1 Thessalonians 3:6 But now that Timothy has come to us from you, and brought us good news of your faith and love, and that you always have good remembrance of us, greatly desiring to see us, as we also to see you-- 7 therefore, brethren, in all our affliction and distress we were comforted concerning you by your faith. 8 For now we live, if you stand fast in the Lord. 9 For what thanks can we render to God for you, for all the joy with which we rejoice for your sake before our God, 10 night and day praying exceedingly that we may see your face and perfect what is lacking in your faith? (NKJV)
The undisputed writer of this letter is Paul. Paul and Silas planted a church in Thessalonica in early 50 A.D. on Paul’s second missionary journey. Thessalonica was located in Macedonia, the northern area of Greece.
After leaving Thessalonica because of persecution Paul and Silas travelled south, ministering in Athens and Corinth. They spent eighteen months in Corinth (Acts 18:11).
When Timothy joined them in Corinth he gave a good report on the new church in Thessalonica, which prompted the writing of this letter in late 50 or early 51 AD. Timothy delivered the letter to the church shortly thereafter. This was Paul’s second letter, after his letter to the Galatians.
In this passage, Paul expresses Silas’ and his reaction to the good report delivered by Timothy. Prior to Timothy’s report they had been concerned with the new believers in Thessalonica losing their faith because of persecution.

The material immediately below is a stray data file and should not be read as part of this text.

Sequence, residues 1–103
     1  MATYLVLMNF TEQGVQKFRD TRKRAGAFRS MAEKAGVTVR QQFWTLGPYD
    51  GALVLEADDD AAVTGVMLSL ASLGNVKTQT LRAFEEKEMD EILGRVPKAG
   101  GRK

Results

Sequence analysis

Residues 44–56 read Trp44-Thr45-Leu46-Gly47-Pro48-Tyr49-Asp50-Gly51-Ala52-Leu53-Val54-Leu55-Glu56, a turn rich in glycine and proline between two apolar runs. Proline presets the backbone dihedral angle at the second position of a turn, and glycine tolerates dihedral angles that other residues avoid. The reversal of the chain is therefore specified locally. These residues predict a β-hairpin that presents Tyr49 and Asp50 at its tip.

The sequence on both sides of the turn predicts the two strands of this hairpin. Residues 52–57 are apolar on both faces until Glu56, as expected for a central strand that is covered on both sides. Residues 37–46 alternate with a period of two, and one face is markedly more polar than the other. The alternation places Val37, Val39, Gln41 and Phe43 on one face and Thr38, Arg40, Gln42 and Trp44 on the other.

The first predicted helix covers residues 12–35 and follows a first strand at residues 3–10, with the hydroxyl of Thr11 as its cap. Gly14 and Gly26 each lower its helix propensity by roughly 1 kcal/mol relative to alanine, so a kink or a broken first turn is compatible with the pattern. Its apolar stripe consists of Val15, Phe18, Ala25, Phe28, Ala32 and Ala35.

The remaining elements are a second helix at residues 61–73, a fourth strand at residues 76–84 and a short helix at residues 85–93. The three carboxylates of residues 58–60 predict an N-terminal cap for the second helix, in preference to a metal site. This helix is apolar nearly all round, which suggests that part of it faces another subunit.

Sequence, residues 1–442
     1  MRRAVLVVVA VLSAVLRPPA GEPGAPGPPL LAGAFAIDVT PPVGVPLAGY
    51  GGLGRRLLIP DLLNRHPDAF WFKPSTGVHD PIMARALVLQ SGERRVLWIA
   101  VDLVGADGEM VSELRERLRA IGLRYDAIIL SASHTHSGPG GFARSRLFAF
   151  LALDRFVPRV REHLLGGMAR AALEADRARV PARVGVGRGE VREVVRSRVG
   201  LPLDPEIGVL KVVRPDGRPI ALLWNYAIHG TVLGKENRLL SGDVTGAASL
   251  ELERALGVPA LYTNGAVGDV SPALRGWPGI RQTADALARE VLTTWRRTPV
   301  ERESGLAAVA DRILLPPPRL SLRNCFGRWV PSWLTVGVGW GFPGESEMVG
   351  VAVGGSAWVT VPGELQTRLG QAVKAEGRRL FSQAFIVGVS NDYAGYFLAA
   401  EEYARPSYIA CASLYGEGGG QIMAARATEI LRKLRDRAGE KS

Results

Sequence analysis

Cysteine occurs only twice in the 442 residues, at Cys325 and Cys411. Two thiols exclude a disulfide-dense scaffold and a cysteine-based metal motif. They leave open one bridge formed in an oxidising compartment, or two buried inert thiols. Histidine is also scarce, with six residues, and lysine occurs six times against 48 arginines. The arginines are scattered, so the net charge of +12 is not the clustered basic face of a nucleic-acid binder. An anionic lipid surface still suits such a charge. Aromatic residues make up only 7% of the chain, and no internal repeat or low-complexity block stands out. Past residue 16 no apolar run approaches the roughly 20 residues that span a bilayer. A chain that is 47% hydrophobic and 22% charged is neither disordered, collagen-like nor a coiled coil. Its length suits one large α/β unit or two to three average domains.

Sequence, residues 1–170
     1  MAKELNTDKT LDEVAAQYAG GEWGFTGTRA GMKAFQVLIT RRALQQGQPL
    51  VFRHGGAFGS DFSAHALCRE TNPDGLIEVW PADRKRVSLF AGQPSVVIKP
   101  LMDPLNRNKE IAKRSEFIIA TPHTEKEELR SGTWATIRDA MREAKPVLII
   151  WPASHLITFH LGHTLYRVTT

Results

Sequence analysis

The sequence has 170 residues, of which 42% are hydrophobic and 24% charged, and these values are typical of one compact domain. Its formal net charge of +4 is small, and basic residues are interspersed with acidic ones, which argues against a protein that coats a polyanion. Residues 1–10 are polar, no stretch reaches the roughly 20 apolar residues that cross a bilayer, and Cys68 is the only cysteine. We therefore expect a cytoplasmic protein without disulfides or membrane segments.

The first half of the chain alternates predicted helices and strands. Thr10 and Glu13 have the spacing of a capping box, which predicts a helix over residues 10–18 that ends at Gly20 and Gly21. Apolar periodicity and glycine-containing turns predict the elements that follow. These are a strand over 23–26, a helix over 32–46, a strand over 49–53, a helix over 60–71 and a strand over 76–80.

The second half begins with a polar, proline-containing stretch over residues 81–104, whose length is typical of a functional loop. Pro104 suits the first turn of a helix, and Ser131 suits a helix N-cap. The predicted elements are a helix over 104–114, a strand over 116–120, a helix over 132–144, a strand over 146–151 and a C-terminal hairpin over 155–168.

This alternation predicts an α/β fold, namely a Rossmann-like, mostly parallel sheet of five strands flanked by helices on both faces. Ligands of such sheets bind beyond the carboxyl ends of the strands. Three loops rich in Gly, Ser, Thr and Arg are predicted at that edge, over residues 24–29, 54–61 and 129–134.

Timothy’s report contained “good news of your faith and love” (v. 6a). The new believers had remained strong in their faith and their love not only for their fellow believers but also for unbelievers.
Timothy also reported that the new believers in Thessalonica “always have good remembrance of us, greatly desiring to see us”, referring to Paul and Silas (v. 6b). Paul responded that they “also” greatly desire “to see you”, referring to the new believers (v. 6c).
Paul reports to them that “in all our affliction and distress we were comforted concerning you by your faith” (v. 7). Paul and Silas experienced “affliction”, persecution, throughout their travels. The gospel was always under assault by the Jews. Not only were they persecuted, but they were also in “distress” as they worried about the faith of the new believers in Thessalonica. Timothy’s good report has now relieved their distress. They are now “comforted” by the report of the new believers’ strong faith.
The distress was so great that Paul and Silas could not “live” until they knew if the new believers would “stand fast in the Lord” (v. 8). In other words, they were sitting on pins and needles until Timothy arrived with the good news. They had to depart Thessalonica quickly before their work was finished, because of the persecution. They had been worried that their work would be in vain, that the new believers would not “stand fast” in their faith.
Paul reports that he and Silas have been giving “thanks” to God and joyfully rejoicing “for your sake before our God” for the good report that that the new believers have remained strong in their faith (v. 9). They have been “exceedingly” praying “night and day” that they “may see your face and perfect what is lacking in your faith” (v. 10). Paul and Silas have been praying that they would be able to return to Thessalonica and disciple the new believers.
There is more to being a Christian that just salvation. We must also be discipled continually. We must be taught the Bible and surround ourselves with other believers. We must read the Bible and pray on a regular basis. This allows us to stand fast in our faith, in a world where our faith is constantly under assault.
Online Bible Commentary